The point of capitalism is to generate profit, and that profit goes only to a select group of citizens. That is not an inherently evil practice, but one must make the distinction that companies do not care about public welfare. Not one of them. They are present to generate a profit – the social welfare programs that we see are calculated measures in their profit-making efforts. If a social welfare program is not cost-effective, if the public relations and marketing do not justify it, they will not do it. Looking out for people is the responsibility of government and all of us together.
Companies will advocate for policies and legislation that benefit them.
When you think that MSNBC and CNN have liberal bends to their reporting – they do. FOX has a conservative one. Because they are evil corporations hell bent on destroying America – no, because they are companies who need to make a profit. They do that through advertising revenues, and the only way to get those is to attract viewers. The only way to attract viewers to a news service, a group that, if done objectively would report the exact same thing as every other news source, is to flavour it with an ideology commentary.
Are renewable energy sources beneficial to society? Not if you are a non-renewable energy company. Should we have the levels of sugar in our food that we do in America? We should if you are a company that produces or provides that sugar.
I think we have a strong bipartisan agreement among the private citizens of this country that lobbyists suck. Unfortunately, they do influence our politicians to make policy that benefit them rather than us.
While all of this is happening, the private citizens, remember, are losing on each transaction. We earn according to our contribution to production and then pay above cost to acquire those same goods and services. If one begins in poverty, digging out from under that hole to have any upward economic mobility is beyond difficult. Blaming those who do not have resources for “not working hard enough” to move upwards is insulting to all of us.
Do people who have resources work hard? Yes – I am not advocating that everyone in the upper classes is lazy and coasting on their nest egg. Without effort, they run the risk of falling into a lower class. They have greater flexibility to make mistakes and overcome obstacles though. Even if those obstacles are what one might consider trivial, like a municipal parking offence. If someone at the poverty line acquires a $150 speeding fine, it hits much harder than it does against someone in the upper class – and do not act like those in poverty are uniquely municipal violators and the upper class got their by avoiding speeding, jaywalking, and parking illegally. But among the violation itself, associated court fees, and predatory lending to cover those things, poorer individuals get grafted by the same system.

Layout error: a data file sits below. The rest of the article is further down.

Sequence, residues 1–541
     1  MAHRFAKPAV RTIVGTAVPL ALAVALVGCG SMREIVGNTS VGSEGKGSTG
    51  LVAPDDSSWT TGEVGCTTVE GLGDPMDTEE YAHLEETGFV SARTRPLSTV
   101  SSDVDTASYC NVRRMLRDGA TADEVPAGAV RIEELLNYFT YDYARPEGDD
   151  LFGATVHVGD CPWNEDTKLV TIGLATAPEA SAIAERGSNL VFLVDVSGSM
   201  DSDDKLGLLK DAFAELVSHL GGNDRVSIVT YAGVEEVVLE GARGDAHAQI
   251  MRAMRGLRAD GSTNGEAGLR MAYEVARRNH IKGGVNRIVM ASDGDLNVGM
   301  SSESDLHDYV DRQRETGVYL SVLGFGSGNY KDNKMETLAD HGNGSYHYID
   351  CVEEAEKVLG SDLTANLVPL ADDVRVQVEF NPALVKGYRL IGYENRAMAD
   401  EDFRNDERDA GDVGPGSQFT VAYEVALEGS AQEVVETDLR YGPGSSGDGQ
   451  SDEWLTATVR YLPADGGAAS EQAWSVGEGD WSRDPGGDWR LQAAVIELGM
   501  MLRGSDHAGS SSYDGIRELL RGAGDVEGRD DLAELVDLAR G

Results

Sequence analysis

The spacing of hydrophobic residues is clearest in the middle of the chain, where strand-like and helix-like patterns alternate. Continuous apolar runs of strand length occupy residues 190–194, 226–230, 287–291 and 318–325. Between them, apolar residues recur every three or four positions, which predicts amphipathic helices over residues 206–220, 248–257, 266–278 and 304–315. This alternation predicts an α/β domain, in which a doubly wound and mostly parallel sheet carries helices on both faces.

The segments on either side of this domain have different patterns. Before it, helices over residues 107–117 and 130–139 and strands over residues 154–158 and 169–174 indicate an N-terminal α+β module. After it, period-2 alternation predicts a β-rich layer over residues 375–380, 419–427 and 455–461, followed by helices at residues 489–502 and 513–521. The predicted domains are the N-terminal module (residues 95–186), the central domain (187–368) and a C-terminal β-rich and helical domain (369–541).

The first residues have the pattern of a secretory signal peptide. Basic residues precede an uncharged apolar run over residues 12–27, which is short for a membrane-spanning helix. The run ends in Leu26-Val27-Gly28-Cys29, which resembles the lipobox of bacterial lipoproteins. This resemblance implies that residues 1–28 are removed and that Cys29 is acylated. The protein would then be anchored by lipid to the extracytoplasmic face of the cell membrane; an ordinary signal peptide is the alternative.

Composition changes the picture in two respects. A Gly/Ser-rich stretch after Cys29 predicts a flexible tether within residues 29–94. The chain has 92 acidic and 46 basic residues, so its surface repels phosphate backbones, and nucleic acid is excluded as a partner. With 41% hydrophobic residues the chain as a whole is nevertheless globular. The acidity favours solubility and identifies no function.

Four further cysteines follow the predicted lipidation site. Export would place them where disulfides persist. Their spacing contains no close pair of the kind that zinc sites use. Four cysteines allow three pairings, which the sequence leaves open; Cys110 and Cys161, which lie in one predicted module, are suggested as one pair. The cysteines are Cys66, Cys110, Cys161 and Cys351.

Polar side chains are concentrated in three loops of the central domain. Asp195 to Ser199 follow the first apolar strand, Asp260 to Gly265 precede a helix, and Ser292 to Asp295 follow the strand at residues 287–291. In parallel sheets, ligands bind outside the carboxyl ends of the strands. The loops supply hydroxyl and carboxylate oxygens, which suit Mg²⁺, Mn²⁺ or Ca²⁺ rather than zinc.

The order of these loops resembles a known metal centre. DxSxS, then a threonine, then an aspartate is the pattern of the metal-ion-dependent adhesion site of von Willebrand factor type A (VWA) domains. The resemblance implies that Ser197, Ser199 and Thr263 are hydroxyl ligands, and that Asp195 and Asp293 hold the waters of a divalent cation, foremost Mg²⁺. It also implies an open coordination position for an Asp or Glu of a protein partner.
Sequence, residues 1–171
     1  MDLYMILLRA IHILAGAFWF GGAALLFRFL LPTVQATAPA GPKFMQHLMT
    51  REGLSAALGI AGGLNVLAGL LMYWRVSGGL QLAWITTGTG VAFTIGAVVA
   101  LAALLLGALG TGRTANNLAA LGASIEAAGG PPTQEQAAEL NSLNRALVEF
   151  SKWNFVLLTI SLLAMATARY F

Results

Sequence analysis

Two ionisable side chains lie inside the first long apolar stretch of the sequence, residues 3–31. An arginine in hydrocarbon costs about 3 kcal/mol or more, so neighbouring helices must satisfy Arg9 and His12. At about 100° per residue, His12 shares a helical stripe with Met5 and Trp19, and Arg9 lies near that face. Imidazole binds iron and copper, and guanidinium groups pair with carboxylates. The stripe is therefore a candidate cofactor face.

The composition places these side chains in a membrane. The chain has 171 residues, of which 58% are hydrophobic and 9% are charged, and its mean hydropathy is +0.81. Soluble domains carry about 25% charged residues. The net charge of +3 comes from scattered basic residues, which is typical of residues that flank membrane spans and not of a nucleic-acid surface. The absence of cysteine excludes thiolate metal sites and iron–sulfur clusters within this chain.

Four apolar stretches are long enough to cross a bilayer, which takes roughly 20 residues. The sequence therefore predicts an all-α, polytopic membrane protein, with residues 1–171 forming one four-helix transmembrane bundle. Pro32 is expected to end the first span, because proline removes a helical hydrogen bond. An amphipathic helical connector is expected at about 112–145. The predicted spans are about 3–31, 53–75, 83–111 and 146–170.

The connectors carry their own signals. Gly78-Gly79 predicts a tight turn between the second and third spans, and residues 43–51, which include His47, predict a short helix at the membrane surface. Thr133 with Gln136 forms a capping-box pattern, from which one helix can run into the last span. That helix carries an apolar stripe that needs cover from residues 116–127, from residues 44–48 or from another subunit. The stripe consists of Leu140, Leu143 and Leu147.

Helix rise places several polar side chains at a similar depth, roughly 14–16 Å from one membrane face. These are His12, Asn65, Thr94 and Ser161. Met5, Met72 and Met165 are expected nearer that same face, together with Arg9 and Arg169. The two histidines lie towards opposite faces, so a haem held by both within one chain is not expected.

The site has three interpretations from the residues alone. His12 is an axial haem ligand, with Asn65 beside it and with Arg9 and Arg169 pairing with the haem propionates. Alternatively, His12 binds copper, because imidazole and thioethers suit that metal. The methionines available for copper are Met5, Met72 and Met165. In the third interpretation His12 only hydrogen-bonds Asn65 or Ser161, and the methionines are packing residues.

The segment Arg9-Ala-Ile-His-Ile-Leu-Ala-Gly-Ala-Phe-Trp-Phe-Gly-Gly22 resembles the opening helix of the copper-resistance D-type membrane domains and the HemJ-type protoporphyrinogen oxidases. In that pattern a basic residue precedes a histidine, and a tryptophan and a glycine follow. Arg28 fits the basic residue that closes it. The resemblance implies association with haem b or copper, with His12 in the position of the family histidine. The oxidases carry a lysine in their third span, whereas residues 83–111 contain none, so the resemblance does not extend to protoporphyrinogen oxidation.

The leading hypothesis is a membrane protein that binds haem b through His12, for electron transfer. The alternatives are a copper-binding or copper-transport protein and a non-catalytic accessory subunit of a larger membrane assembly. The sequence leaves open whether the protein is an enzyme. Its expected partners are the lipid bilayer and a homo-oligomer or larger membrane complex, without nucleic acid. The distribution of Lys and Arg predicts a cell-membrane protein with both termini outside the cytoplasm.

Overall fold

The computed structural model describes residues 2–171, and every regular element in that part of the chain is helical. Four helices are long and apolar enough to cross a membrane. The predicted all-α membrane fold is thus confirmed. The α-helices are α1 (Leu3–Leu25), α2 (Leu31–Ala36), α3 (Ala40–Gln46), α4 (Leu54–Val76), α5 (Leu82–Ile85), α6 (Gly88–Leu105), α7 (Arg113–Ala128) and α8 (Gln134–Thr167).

This is where things are sure to anger more readers if I have not already, because this is where themes like white privilege and male privilege appear. Economic disparity disproportionately affects women and minorities. Whites and Asians are more likely to “start the game” in a higher economic place than other groups, which stacks the deck against those groups. Concepts like white privilege and male privilege are gross generalisations that ignore the full suite of characteristics that make people individuals, and white people who begin life in a lower economic class will have a harder time than those born into wealth.
That is, logic would not necessarily dictate that a woman earns less than a man for the same job because she is a woman, but statistics will show that a woman will often earn less than a man for the same job. We want to debate the reasons why that is? Fine – that is a discussion for another day. A gender wage gap exists and whether that is a gender-based phenomenon is irrelevant. The same is true for wage gaps based on race or any other quality. The reasons will dictate how we solve the problem, but the problems exist.
This goes back to prior posts about the challenges faced by women and minorities. When we create policies, like determining what a municipal violation is and what the penalty should be, without considering how it will affect these various economic tiers, we create systemic problems that disproportionately affect certain groups as well.
Some have argued that my writing unfairly targets white males in this respect. I generalise people into class-based units rather than treating them as individuals, then unfairly assign blame to one group. That is true, I am absolutely forming people into collective units – because statistically our system forms them into collective units already and that does not work out so hot for many of them.
Are there white males with legitimate complaints? Absolutely. Are there women and minorities who belong to the other classes that have no distinct advantage or disadvantage? Of course. Are certain outcomes statistically more likely based on your membership in one of those groups – that is also a yes. And because the policy decisions occur at one level (and that one level is also statistically most likely to be a particular group), I write to advocate a need to incorporate more of these other perspectives.
We all are born into some aspect of society that determines a lot about who we are based on our apparent characteristics. That is unfair. Life is unfair and we cannot have equal outcomes for everyone. However, we can create equal opportunity for everyone and that means identifying our system for what it is and providing the necessary mechanisms to level the disadvantages that some face from birth. If someone grows and matures and fails of their own accord, they should achieve a commensurate outcome. Having the deck stacked so heavily against people for no reason other than who they appear to be at birth though, that needs to change.